“…members of Christ…”
Christians tend to be socially gregarious but spiritual loners. They will attend their churches and dutifully listen to sound teaching. They will attend their prayer meetings and do whatever the pastor asks. But, touch their personalised ‘holy’ beliefs and you can expect a very terse, if not angry, response.
What this means is that they will only agree to agree if what you say is part of their own internalised infrastructure of beliefs. If not, then their dutiful attitude disappears quickly and they are willing to leave the congregation rather than submit to a more scriptural interpretation.
Going deeper into their attitude, it means that this kind of Christian is a loner in matters of truth and doctrine. They have set themselves up as arbiters of God’s word and will not act upon the teachings of scripture or of men called by God. Thus, they are fighting against being ‘members of Christ’. They cannot submit because then they would not be free to think outside of scripture. They prefer their own opinions to the actual teachings of God’s word.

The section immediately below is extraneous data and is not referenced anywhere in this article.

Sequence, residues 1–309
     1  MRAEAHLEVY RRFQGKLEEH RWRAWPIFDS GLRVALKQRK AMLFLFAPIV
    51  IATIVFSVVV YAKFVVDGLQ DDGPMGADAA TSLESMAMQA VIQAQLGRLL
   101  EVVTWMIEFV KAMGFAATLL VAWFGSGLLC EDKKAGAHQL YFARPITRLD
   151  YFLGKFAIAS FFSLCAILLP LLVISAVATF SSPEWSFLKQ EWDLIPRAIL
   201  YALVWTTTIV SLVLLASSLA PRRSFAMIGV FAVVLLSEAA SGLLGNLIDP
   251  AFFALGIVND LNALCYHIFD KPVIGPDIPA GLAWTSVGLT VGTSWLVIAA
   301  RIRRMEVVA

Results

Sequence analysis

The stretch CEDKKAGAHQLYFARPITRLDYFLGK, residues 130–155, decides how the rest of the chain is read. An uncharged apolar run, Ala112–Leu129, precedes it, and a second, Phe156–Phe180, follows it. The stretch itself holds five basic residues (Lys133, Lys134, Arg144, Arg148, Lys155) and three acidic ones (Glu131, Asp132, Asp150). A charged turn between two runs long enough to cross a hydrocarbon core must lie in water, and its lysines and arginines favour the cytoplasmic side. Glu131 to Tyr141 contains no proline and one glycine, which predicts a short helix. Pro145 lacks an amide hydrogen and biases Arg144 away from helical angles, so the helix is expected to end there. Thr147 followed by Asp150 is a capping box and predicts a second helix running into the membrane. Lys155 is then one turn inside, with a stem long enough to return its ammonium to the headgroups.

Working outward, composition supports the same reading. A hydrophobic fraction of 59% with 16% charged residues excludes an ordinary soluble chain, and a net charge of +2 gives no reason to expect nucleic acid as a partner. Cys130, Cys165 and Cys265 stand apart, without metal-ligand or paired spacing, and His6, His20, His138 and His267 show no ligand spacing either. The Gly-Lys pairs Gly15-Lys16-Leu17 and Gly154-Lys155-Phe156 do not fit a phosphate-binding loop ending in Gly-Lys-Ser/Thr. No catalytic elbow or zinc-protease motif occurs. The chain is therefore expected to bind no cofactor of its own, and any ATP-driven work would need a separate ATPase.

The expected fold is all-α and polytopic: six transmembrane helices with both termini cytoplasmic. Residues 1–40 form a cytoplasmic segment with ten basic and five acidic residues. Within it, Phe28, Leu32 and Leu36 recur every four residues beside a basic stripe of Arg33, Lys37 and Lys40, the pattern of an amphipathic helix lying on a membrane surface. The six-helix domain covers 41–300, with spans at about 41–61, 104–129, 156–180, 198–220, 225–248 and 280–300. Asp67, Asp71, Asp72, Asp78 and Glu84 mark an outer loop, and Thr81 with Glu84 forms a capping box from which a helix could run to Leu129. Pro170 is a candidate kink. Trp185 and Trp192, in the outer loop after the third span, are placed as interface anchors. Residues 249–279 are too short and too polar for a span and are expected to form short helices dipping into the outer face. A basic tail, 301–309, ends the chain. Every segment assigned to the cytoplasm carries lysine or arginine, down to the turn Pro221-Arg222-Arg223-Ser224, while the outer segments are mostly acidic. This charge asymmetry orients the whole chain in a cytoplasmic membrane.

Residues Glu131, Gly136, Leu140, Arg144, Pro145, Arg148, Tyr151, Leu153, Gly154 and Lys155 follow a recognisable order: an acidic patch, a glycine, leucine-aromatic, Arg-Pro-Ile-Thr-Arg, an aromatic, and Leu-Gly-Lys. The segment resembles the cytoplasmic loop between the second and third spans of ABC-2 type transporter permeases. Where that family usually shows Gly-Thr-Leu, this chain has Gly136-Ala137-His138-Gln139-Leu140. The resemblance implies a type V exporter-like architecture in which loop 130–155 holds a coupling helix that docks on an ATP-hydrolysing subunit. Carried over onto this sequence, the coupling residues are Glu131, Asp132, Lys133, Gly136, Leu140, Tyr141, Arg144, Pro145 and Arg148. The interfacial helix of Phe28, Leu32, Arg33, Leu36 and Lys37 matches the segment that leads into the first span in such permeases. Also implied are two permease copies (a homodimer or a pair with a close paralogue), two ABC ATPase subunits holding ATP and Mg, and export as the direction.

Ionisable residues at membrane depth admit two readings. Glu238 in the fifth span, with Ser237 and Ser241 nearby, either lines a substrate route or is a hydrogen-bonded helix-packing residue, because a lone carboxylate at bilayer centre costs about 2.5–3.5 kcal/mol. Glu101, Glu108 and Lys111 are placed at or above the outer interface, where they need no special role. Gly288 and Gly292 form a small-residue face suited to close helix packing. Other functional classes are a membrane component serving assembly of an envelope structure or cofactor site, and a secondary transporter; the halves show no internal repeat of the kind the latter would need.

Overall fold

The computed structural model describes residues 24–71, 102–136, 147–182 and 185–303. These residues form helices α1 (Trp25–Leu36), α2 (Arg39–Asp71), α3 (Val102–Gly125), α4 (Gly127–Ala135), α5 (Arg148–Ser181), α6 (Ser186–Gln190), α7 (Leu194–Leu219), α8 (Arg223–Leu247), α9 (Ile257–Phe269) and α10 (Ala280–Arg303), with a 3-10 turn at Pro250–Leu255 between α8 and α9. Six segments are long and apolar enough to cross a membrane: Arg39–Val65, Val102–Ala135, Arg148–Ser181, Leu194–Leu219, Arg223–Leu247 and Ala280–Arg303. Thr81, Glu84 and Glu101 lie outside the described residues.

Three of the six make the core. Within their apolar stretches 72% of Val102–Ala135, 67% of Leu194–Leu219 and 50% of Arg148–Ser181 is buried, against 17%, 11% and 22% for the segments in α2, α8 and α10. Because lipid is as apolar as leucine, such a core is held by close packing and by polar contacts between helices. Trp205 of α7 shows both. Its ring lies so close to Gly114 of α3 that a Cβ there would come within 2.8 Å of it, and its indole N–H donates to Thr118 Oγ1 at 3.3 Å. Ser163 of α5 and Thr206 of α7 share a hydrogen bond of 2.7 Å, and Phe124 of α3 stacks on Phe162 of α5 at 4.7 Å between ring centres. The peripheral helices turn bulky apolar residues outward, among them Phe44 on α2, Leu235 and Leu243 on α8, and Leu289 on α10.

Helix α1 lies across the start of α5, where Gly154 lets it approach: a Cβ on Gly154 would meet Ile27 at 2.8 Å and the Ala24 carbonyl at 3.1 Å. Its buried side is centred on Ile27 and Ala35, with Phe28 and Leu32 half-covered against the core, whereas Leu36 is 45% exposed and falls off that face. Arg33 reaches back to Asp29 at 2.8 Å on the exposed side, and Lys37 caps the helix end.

They are, then, rogue Believers who prefer to sin against the Spirit rather than listen and meekly apply what they learn to their lives. They do not want the truth, they only want the truth as they see it, even if it is contrary to scripture. Their response to a teacher who insists on adherence to scripture, is “Who do you think you are? That is not what I believe!” They accuse the teacher of arrogance when, all along, it is they who are arrogant, refusing the truth as set out by God. They try to cover their own sin by calling their critic ‘arrogant’… typical and sad.